- About Us
- Local Savings
- Green Editions
- Legal Notices
- Weekly Ads
PSE takeover: $57.5 million
People for Yes on Whidbey PUD released its long-awaited cost study last week for acquisition of Puget Sound Energy’s electric system.
The price tag: $57.5 million.
PSE’s own study, conducted by UtiliPoint International Inc., is starkly higher at $130 million. The study predicts 20 percent higher electrical rates if the public takeover succeeds.
“People for Yes” is aiming to depose the “Bellevue-based PSE monopoly” on Whidbey Island, and create a public utility district, which they propose will offer lower rates and greater reliability. A measure to authorize a PUD will appear on the November ballot.
The group’s plan is to apply for the limited low-cost hydropower from the Bonneville Power Administration, which identified 250 average megawatts for newly formed PUDs.
The proponents initially released an estimated price of about $80 million, but David Metheny, campaign director for “People for Yes,” said their engineering advisers complained the number was too conservative.
“We took a closer look at the numbers PSE filed with the Department of Revenue and decided it must be lowered,” Metheny said.
The 30-page draft was created with the financial help of the Washington Public Utility Districts Association and was based on data from the recent Skagit County condemnation study. Both Jefferson and Skagit counties are undergoing their own battle for PUD electrical facilities.
The study stated that the Skagit report was scaled down and tailored for Whidbey Island. For the first two years, the property tax burden would be between $2.75 and $5.78 per year for a $300,000 home, to pay for legal costs and a professional feasibility study.
At a meeting last month, UtiliPoint CEO Bob Bellemare said his estimate included the company’s hard assets, offices, transmission feeds, startup costs, and about 10 substations, priced at $12 million a piece.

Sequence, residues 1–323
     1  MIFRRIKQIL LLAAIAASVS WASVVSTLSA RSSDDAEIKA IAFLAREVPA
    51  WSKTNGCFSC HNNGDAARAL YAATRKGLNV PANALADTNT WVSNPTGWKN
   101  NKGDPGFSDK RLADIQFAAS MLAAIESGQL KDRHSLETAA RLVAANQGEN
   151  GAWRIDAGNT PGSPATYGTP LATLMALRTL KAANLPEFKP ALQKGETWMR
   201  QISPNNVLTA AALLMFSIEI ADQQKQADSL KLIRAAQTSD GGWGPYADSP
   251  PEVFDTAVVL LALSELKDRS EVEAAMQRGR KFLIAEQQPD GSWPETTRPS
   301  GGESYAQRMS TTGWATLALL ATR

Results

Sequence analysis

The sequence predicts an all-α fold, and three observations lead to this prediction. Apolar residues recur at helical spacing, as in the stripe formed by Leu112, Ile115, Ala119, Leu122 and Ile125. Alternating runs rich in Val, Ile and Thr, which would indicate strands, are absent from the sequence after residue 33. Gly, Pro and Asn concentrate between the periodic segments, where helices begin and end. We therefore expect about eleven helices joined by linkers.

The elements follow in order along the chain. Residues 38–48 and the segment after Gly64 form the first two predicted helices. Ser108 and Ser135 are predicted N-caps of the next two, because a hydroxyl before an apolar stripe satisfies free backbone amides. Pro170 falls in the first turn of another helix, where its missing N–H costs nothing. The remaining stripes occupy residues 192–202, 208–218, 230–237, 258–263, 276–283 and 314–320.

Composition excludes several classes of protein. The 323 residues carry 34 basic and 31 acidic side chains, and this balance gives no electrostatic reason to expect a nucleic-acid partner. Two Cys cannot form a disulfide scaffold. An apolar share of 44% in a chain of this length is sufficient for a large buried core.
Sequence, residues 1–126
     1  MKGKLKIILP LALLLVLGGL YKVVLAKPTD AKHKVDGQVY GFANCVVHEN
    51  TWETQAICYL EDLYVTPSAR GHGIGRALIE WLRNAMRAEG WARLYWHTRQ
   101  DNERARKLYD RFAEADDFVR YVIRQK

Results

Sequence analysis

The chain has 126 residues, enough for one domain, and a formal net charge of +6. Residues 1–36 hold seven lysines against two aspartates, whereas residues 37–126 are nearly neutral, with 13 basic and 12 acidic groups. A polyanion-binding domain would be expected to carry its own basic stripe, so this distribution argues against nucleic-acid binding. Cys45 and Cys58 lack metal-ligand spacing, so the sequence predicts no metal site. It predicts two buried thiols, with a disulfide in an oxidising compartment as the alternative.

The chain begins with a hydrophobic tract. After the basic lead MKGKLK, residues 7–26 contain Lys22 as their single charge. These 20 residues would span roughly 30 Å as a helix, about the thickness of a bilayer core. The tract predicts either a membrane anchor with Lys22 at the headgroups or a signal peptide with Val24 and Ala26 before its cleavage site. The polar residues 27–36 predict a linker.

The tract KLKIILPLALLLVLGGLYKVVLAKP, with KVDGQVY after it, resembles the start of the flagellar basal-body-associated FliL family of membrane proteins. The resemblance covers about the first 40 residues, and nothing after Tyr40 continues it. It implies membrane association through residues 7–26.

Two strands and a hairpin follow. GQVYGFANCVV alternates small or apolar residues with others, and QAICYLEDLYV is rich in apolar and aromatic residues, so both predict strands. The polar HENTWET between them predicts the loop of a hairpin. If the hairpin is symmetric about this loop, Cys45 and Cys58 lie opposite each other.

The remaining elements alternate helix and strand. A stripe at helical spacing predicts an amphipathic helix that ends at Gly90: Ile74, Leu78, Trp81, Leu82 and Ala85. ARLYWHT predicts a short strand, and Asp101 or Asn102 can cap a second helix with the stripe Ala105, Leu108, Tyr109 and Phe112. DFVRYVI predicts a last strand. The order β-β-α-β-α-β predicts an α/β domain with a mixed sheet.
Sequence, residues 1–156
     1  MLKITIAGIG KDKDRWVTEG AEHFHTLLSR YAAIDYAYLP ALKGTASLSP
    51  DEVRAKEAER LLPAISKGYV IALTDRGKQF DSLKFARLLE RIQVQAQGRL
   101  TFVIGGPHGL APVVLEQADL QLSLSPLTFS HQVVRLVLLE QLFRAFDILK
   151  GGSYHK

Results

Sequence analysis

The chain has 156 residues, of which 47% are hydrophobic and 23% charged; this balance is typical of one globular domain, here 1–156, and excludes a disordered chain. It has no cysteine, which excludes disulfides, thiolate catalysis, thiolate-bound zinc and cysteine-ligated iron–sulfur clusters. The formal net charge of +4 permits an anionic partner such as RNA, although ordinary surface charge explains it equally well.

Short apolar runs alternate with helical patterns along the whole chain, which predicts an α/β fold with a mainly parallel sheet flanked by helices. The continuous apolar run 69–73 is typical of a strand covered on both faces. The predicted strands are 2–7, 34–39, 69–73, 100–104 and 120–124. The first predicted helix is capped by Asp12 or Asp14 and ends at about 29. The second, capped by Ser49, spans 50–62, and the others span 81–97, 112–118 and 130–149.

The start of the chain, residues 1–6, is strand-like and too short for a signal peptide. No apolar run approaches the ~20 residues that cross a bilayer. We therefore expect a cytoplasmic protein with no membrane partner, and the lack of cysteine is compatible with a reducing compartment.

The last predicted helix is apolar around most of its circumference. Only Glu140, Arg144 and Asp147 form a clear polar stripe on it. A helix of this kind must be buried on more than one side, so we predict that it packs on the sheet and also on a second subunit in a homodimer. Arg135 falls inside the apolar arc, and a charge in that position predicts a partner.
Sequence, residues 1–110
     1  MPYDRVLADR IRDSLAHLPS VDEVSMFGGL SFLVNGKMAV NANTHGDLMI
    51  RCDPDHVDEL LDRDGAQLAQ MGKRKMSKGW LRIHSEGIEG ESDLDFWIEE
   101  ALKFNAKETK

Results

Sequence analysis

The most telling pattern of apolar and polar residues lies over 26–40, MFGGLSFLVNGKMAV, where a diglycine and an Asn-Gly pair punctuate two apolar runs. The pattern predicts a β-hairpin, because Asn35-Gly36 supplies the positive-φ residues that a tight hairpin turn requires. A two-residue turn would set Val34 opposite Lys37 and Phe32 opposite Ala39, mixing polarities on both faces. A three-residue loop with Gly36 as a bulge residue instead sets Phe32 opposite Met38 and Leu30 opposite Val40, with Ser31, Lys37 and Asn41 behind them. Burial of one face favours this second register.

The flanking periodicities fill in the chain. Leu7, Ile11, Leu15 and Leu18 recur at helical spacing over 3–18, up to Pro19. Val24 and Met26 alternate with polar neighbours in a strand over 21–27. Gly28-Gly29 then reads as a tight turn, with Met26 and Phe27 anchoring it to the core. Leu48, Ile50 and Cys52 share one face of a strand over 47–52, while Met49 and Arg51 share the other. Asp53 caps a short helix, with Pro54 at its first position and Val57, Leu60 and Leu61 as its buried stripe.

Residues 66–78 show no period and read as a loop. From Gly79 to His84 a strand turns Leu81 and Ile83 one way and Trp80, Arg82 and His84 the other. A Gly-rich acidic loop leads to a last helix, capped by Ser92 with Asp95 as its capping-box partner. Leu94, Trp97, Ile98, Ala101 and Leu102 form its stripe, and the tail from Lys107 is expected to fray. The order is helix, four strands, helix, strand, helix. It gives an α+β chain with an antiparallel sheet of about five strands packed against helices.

Metheny argued those numbers are exaggerated.
“The Department of Revenue determined in 2007 that PSE’s assets were worth only $40 million,” Metheny said.
Along with cost comparisons, the study also states, “PSE has announced that it intends to increase its rates an average of 9.5 percent. After that, PSE rates are estimated to increase at 3.55 percent per year beginning in 2010.”
“People for Yes” treasurer Bob Kuehn claims that a PUD would lead to 20 percent lower rates, not higher rates as predicted by PSE.
“We tried to get a realistic picture of the transaction. We don’t want to mislead ourselves and end up with a blunder. On the other hand, we have the UtiliPoint study, which we feel is pretty inflated. Their motivation is to scare us into not proceeding,” Kuehn said. “It’s also important to note that a yes vote in November is only to create a PUD, not to buy the system.”
Both the PSE and PUD studies are only estimates. The exact cost of a company’s assets are determined in legal proceedings, before a judge and with the help of expert witnesses. That will only happen if Whidbey Island voters approve a PUD in November.